References

Coby, J. P. (2018). The proportional representation debate at the Constitutional Convention: Why the Nationalists lost. American Political Thought, 7(2), 216-242.

Fried, C. (2018). The Cunning of reason: Michael Klarman’s the Framers’ Coup. Michigan Law Review, 116, 981-999.

Maggs, G. E. (2017). A concise guide to the Articles of Confederation as a source for determining the original meaning of the Constitution. George Washington Law Review, 85(2), 397-450.

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StudyCorgi. (2021, May 4). From Articles of Confederation to the US Constitution. Retrieved from https://studycorgi.com/from-articles-of-confederation-to-the-us-constitution/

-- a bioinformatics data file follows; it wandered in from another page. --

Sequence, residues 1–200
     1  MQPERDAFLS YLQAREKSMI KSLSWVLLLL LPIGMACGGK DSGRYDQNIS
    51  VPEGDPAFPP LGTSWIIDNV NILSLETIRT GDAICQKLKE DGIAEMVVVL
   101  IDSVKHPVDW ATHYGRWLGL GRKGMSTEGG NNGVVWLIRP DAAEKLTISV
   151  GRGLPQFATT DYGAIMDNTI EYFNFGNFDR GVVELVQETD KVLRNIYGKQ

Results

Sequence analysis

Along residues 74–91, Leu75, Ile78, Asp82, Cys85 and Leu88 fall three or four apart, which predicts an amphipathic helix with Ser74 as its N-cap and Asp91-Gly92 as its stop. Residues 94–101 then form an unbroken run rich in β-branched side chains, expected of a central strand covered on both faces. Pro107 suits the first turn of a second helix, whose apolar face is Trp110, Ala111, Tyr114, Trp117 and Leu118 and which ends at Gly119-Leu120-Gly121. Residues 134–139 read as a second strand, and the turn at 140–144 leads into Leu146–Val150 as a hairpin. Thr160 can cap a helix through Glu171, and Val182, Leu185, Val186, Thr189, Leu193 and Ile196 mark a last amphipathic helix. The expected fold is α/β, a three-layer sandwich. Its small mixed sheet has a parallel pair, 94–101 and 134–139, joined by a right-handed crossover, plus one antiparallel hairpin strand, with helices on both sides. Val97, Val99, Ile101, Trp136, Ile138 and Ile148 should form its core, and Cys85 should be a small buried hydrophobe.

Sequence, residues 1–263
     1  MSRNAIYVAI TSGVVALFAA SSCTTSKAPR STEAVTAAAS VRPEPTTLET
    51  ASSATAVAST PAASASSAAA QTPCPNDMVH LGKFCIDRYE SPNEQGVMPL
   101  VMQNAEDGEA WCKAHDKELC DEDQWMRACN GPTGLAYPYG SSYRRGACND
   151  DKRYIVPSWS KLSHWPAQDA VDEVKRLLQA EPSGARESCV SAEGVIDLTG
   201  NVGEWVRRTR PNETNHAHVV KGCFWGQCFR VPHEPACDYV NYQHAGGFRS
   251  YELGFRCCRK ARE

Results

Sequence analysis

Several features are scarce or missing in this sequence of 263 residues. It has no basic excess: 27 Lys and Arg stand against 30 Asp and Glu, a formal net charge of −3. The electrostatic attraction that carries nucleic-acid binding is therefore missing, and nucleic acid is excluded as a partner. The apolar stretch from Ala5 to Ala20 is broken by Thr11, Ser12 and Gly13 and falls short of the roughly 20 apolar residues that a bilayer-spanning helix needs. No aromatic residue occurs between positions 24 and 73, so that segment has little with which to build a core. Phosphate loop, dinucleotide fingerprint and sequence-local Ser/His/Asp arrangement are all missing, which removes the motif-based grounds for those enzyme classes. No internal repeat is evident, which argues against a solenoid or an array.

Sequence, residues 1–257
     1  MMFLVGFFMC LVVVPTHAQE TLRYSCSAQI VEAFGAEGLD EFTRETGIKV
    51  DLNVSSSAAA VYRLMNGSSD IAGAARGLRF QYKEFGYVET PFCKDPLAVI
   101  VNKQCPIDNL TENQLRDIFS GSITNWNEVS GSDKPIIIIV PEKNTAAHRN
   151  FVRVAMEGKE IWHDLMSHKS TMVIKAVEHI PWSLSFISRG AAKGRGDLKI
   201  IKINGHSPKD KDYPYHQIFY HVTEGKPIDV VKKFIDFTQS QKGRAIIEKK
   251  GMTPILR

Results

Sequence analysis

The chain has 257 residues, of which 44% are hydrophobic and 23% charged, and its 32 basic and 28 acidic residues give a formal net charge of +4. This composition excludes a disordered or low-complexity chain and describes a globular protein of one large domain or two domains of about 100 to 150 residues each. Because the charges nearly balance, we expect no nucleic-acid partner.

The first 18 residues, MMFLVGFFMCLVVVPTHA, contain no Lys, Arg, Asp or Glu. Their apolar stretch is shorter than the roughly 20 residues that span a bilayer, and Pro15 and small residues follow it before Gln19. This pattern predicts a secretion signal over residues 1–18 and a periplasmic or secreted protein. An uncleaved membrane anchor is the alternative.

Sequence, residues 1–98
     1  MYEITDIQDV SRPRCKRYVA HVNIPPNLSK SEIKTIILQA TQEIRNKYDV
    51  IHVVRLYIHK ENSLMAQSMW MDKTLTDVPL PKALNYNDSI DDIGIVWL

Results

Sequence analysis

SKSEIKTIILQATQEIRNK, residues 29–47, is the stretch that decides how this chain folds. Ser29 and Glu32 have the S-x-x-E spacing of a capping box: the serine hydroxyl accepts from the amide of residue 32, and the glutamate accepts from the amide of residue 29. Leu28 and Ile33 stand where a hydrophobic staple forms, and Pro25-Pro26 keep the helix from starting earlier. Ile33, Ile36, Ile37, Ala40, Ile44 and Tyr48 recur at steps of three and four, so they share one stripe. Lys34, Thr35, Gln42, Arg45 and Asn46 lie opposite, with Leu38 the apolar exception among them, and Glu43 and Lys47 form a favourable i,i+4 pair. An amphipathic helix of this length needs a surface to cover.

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"From Articles of Confederation to the US Constitution." StudyCorgi, 4 May 2021, studycorgi.com/from-articles-of-confederation-to-the-us-constitution/.

1. StudyCorgi. "From Articles of Confederation to the US Constitution." May 4, 2021. https://studycorgi.com/from-articles-of-confederation-to-the-us-constitution/.


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StudyCorgi. "From Articles of Confederation to the US Constitution." May 4, 2021. https://studycorgi.com/from-articles-of-confederation-to-the-us-constitution/.

References

StudyCorgi. 2021. "From Articles of Confederation to the US Constitution." May 4, 2021. https://studycorgi.com/from-articles-of-confederation-to-the-us-constitution/.

References

StudyCorgi. (2021) 'From Articles of Confederation to the US Constitution'. 4 May.